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Cloud computing company Fastly reports 40% revenue gain amid pandemic

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Yahoo Finance’s Alexis Christoforous and Joshua Bixby, Fastly CEO, discuss the company’s latest earnings report and growth amid the pandemic.

Video Transcript

ALEXIS CHRISTOFOROUS: The cloud computing services provider Fastly released earnings this week that beat on both the top and bottom line. But it was Fastly's guidance that left some investors a little disappointed. Joining me now is Fastly's CEO, Joshua Bixby. Joshua, good to see you again. Let's start with last quarter here. Pretty impressive revenue spike, up 40% year over year. Tell us what drove those results.

JOSHUA BIXBY: Yeah, thank you for having me here. It's an honor. Those results were driven by the trends that we're all seeing. The internet continues to grow. Security is critical for those who are serving on the internet. And the gains that the industry saw in March, April, May, they continue. Habits have changed, and people continue to use the internet more and more. It was a great quarter. I'm very proud of the team.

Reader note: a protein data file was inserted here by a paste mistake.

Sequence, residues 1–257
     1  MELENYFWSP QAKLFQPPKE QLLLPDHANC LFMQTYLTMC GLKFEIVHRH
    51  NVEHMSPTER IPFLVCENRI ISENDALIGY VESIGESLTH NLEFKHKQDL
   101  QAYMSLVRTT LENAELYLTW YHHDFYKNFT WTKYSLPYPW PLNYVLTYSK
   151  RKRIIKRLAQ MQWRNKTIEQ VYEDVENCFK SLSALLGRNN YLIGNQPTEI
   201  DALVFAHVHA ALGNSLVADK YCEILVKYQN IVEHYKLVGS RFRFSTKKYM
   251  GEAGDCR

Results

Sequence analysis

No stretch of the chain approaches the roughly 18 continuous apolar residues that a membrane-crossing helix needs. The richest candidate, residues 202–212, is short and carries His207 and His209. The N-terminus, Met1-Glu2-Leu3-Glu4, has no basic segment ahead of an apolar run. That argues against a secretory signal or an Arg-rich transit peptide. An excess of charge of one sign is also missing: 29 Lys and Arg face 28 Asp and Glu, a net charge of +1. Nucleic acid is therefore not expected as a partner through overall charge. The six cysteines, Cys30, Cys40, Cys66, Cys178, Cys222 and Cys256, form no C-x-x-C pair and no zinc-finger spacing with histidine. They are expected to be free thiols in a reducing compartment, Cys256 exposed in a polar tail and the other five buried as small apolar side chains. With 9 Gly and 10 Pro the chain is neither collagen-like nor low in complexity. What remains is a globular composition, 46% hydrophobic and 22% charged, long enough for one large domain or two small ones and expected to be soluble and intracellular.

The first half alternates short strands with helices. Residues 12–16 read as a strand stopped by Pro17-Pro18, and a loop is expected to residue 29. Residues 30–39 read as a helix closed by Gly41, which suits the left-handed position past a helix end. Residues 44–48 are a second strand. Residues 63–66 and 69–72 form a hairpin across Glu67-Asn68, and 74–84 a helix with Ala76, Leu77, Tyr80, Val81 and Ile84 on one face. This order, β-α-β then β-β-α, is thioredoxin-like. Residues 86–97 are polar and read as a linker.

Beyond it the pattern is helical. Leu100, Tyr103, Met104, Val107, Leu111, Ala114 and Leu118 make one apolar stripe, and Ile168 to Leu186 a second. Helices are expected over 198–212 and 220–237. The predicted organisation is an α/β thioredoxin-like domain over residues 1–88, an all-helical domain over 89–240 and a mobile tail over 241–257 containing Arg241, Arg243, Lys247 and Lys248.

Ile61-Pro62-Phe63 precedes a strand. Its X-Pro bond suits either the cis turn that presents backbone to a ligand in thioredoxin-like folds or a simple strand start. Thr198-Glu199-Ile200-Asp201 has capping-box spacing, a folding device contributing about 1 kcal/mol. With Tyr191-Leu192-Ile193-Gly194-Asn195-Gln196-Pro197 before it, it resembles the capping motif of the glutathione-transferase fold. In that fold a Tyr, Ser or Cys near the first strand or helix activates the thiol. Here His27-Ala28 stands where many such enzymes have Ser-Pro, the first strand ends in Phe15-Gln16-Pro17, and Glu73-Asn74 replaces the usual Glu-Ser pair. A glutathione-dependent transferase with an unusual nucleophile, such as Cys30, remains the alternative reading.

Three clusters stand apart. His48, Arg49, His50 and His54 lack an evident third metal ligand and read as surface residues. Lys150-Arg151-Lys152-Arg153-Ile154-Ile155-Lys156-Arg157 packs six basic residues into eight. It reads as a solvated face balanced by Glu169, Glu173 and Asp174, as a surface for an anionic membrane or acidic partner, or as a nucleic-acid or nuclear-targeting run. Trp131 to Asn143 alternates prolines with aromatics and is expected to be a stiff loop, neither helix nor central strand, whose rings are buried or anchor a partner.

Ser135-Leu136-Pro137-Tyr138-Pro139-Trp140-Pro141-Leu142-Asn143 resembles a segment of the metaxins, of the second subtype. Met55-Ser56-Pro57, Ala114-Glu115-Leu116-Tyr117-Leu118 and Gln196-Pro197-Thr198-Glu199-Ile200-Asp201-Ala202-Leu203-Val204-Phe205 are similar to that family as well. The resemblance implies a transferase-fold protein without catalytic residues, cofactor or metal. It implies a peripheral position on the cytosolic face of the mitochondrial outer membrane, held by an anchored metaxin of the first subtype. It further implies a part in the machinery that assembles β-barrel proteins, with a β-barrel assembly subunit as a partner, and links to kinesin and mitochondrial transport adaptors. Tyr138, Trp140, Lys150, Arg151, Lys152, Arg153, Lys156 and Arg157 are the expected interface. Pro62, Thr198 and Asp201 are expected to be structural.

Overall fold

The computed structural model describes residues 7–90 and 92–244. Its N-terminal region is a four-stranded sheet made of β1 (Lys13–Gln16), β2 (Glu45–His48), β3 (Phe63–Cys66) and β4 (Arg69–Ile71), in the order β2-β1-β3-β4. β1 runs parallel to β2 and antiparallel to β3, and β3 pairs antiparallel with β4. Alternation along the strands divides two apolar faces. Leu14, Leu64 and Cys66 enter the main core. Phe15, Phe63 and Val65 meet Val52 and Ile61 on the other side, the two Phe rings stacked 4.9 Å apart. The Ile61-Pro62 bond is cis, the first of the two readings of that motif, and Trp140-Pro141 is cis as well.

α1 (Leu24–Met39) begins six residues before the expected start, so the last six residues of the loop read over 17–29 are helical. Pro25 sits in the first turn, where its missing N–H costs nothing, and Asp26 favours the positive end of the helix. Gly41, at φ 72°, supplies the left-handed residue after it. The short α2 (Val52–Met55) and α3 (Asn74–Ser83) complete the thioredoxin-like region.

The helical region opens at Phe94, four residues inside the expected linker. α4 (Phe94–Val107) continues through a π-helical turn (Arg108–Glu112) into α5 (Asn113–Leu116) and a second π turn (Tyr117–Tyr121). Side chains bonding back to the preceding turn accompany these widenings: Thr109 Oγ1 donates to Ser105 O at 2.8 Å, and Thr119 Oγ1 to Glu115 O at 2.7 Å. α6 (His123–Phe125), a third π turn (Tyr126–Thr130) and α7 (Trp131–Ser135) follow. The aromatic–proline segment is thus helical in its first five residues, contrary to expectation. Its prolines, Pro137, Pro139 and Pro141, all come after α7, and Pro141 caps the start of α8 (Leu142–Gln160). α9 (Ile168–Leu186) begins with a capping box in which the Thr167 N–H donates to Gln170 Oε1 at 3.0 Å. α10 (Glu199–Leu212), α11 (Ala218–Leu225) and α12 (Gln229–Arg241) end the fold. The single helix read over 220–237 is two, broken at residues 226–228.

ALEXIS CHRISTOFOROUS: You say things have-- behaviors have changed. Do you see this continuing even post the pandemic, even after we get back to business as usual, and things open up? Are we still going to see the same kind of demand for all of these cloud computing and online services?

JOSHUA BIXBY: Yeah, we certainly feel that way. One of the beauties of being global is we get to see openings happening at different stages. So when you go look at Israel, you look at some of the countries which are already starting to open up, you can see that the trends that we saw have continued. One of the great advantages we have is, we serve those who have digitally transformed and those who care deeply about that process. They're kind of the innovators, the most innovative.